Julia DVD: Review By Dodd

This is not a film that portrays the central, criminal character as a mastermind with a solution for every problem. Instead Julia represents the criminals we see in the news every day.
  • Feature
  • Picture
  • Sound
  • Extras
  • Replay Value
Tilda Swinton. Need I say more?
The movie is a bit too long and the extras are majorly lacking.
There is a huge distinction between actors who truly act and "actors" who have the ability to phone it in. I think I a lot of viewers do not give too much though to it, especially when an actor or actress can become someone's favorite simply by the charm they exhibit or the way they style their hair. Take for example George Clooney. There is a huge difference between Michael Clayton, in which the actor carries the film on his shoulders, and Burn After Reading, in which the actor essentially turns his brain off and has fun hamming it up and overusing what used to be his trademark facial twitches. It always seems like the pressure is on for an actor when the title of a movie is the name of the lead character: Michael Clayton, Erin Brockovich, or Patton. Actors in these situations are not simply a part of the movie, but actually are the movie. It means that those tuning in are doing so with the expectation that the movie is dependent on that character. So one can assume that Tilda Swinton has a lot to prove with her role in the film Julia, and one can assume this correctly.

I will get the obvious out of the way. Tilda Swinton plays Julia. In the first 10 minutes, I felt as though I knew Julia when the fact was I had just met her. She is in her 40's and spends her evenings stumbling into bars wearing tacky dresses and guzzling anything in sight containing alcohol. She unsurprisingly wakes up in the bed of an uncaring chauvinist with a case of dry mouth and a hangover. I think anyone who has frequented a bar has seen that person, be it male or female. That lonely soul who makes a fool of his or herself at the bar and ends up leaving with someone they never came with in the first place. Julia is about that one person, and what happens to them after they leave the bar.

After leaving the bar, Julia spends her time dodging AA meetings and trying to figure out how to make ends meet. Her mentally unstable neighbor (Kate del Castillo) makes an offer to pay Julia $50K to kidnap her son from his millionaire grandfather. Of course the nutty neighbor does not have the money and Julia quickly figures this out. However, she does decide to take matters into her own hands and go through with the abduction minus the involvement of the boy's mother. When the boy Tom (Aiden Gould) is playing in the creek, she snatches him and takes him away to a remote hotel where she literally scares the crap out of the lad with her weapon and insensitive threats. But unlike the typical criminals who plan such major acts of crime, Julia can only ask herself in naive desperation, "Now what?"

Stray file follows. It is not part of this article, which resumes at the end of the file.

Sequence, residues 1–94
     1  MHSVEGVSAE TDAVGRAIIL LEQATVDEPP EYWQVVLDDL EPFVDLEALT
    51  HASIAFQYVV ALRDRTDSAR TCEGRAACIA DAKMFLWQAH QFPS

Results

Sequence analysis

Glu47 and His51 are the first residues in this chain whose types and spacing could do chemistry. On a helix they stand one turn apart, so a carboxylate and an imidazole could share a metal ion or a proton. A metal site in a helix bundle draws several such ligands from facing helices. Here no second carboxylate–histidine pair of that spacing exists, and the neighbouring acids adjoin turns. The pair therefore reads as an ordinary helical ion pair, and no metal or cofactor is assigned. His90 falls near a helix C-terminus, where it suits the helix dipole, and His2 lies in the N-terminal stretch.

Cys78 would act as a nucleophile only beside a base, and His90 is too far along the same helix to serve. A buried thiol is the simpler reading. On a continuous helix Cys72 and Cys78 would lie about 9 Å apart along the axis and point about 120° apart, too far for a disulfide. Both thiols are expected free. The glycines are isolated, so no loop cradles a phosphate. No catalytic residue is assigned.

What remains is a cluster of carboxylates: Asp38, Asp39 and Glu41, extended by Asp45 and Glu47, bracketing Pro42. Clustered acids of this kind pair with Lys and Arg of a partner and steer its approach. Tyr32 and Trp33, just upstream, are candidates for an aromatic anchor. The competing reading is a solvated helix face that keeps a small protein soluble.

Julia is a film that spends a great deal of time following the title character and young Tom as Julia tries to figure out how she is supposed to resolve this situation. This is not a film that portrays the central, criminal character as a mastermind with a solution for every problem. Instead Julia represents the criminals we see in the news every day. They are the same pathetic souls who rob a convenient store and get caught less than a block away due to their sloppy strategies. The premise of this film is one that works because we follow a character who is just like most of the other criminals in this world: stupid and frightened.

It should come as no surprise that the heart of the film is Tilda Swinton. Her turn here is very impressive as for once the actress doesn't resemble a Victorian work of art. She is a sweaty mess. Even in scenes where her character is supposed to look good, her portrayal transforms her into a foolish addict with no official game plan. While there are supporting roles with young Tom having the most screen time, Swinton pretty much overshadows everyone. This is very much her movie and she steers it in the right direction.
There are only deleted scenes in the special features department.
Widescreen. Director Erick Zonica is clearly influenced by the work of John Cassavetes. Not only are there similarities in camera work, but the premise is uncoincidentally similar to Cassavete's film Gloria.
5.1 Dolby Surround. I can honestly say this is not a film driven by music and sound. However, it does effectively focus on the dialogue, which plays a large part in powering the film.
The film is in a standard DVD case. The front cover fittingly pictures a large face shot of Tilda Swinton in all her messy glory.
Julia is very much an overlooked gem. I would not go so far to rank it as one of the best, but it is worth seeing for anyone who appreciates a wonderful performance. The movie is flawed in that it does run a bit too long. However, Tilda Swinton carries this thing from start to finish and there was rarely a moment when I lost interest. Maybe this is not worth a purchase (although I will be adding it to my collection), but it should take priority as a rental pick.


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